By Laura Mortkowitz
The Office of Information Technologies (OIT) is taking the good with the bad after a summer of changes. The office has updated its service, but the university has become prey to e-mail scammers.
On the good end, students will now be able to access 24/7 technology assistance from the Help Desk at x. 3000.
“[The service] is to enhance the ability to respond to service interruptions outside of business hours,” said Carol Kondrach, assistant vice president of OIT.
However, don’t expect a technician to come around to residence halls. The 24/7 Help Desk is located in Kentucky with a service provider called Presidium Learning.
“They provide what we call Tier One telephone support for Blackboard, MS Word and browser issues,” Kondrach said.
According to Kondrach, the problems Presidium helps with are ones that “they can answer over the phone in 10 minutes.”
Anything harder to fix will be taken down for OIT to work on during the next business day.
Plus, the annual cost of using Presidium is “significantly less than the cost of one full-time person with benefits,” said Kondrach.
As the new service was set up during the summer, returning students might have noticed a number of e-mails requesting their passwords. These phishing scams are the bad news for OIT.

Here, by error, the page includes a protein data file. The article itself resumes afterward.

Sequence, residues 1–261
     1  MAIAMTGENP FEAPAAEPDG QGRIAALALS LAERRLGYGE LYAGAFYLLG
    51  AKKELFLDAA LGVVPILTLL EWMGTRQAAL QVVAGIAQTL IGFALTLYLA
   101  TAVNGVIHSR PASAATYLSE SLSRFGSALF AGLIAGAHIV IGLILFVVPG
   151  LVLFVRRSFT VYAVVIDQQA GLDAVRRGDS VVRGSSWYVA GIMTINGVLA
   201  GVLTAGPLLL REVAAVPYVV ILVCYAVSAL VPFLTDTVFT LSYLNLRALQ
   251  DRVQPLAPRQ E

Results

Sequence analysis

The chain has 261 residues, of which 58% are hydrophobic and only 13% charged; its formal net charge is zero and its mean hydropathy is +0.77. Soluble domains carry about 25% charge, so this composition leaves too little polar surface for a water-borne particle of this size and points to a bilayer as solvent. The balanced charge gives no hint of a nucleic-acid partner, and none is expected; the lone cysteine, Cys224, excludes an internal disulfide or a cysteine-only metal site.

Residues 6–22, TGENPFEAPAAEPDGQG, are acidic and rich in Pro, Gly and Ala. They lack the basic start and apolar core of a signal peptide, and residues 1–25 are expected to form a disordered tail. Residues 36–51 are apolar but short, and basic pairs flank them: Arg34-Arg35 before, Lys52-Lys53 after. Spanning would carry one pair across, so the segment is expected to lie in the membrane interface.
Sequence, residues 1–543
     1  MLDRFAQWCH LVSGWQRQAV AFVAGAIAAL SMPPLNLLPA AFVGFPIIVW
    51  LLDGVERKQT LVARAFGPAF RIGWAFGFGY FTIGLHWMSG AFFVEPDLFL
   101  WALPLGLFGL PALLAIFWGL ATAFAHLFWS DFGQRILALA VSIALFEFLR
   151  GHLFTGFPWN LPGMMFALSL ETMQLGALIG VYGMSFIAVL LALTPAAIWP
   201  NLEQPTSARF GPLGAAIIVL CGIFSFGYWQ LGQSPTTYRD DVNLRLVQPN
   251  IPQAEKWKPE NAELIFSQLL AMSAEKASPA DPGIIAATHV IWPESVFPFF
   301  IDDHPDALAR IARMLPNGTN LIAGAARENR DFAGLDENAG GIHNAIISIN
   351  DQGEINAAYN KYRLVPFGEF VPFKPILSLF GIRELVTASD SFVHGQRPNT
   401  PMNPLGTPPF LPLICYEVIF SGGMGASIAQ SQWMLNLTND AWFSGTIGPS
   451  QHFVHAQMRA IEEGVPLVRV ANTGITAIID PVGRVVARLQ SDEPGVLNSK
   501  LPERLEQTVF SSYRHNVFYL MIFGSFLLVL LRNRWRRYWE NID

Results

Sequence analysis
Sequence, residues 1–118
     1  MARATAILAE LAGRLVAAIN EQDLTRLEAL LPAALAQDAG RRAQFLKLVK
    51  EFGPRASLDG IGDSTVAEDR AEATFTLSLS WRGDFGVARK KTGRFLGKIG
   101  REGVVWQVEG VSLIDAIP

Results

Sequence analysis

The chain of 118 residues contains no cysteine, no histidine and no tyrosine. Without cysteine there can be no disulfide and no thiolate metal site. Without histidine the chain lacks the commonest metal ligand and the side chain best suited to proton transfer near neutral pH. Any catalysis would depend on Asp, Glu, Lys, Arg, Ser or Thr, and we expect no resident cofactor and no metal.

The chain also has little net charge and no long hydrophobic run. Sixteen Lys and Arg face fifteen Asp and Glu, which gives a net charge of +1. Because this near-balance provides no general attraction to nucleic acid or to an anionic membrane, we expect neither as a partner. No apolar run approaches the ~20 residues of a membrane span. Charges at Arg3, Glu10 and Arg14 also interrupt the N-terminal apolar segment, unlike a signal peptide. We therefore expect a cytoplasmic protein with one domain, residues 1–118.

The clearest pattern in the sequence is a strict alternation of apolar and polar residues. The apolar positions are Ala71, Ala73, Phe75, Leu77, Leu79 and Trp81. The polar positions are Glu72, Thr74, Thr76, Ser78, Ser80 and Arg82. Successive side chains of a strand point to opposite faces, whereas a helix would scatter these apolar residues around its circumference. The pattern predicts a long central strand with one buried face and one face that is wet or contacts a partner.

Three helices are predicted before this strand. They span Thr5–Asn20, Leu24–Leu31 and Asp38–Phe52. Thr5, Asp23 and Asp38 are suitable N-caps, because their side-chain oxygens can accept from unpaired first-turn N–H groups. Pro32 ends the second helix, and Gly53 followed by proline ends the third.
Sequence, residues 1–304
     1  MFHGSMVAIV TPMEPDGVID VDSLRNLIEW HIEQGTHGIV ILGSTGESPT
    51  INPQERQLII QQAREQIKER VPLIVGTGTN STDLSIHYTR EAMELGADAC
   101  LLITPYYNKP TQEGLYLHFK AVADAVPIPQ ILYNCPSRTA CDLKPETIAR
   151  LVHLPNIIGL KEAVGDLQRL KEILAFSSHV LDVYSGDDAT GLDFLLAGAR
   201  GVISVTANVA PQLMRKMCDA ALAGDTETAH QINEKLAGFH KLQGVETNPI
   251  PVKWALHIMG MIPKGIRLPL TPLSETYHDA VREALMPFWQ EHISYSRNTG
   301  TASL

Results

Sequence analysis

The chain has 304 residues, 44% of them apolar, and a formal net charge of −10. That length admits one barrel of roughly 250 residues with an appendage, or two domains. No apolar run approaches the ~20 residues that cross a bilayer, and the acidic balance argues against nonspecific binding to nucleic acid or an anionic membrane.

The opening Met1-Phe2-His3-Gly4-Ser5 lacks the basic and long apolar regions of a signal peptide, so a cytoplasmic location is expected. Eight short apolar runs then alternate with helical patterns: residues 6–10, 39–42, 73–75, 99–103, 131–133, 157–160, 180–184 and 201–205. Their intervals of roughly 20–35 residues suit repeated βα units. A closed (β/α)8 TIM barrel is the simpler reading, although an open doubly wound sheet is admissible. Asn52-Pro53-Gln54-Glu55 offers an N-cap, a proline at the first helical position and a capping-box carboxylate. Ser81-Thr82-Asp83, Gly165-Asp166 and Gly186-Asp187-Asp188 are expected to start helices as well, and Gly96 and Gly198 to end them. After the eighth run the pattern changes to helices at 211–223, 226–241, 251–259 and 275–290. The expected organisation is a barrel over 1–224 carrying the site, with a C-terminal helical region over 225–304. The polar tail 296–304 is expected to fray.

“We have been targeted for a couple of months now,” said Kondrach. “Really through the summer.”
Rider isn’t the only college to fall victim to scammers, but students should never respond to these e-mails, she said.
“One person responds and their identity, and our network, becomes compromised,” Kondrach said. “We’re doing everything in our power [to block] the phisher from contacting people in this way.”
These e-mails often use the pretense of updating the server or protecting against spam mail and request the student to provide some critical information: full name, e-mail address and password.
“Your Username will be disabled if you do not send us the required information within 48 hours,” according to the latest e-mail.
Since OIT would never ask for a student’s password through e-mail, no one should ever respond to the messages.
“If you do respond, or you think you responded, then you should change your password immediately,” Kondrach said.
Otherwise, phishers can gain access to everything the student’s password can.
“This is a business for people who do this,” she said. “They’re hanging around because people are responding to them.”
Students who receive these e-mails are encouraged to simply ignore and delete them. If the community does this, then the phishers will go away when they don’t get what they want, Kondrach said.
Even while OIT works at blocking the phishers, it isn’t always successful.
“We block the mechanism they’re using to contact us and they find another one,” she said. “It’s a cat-and-mouse game.”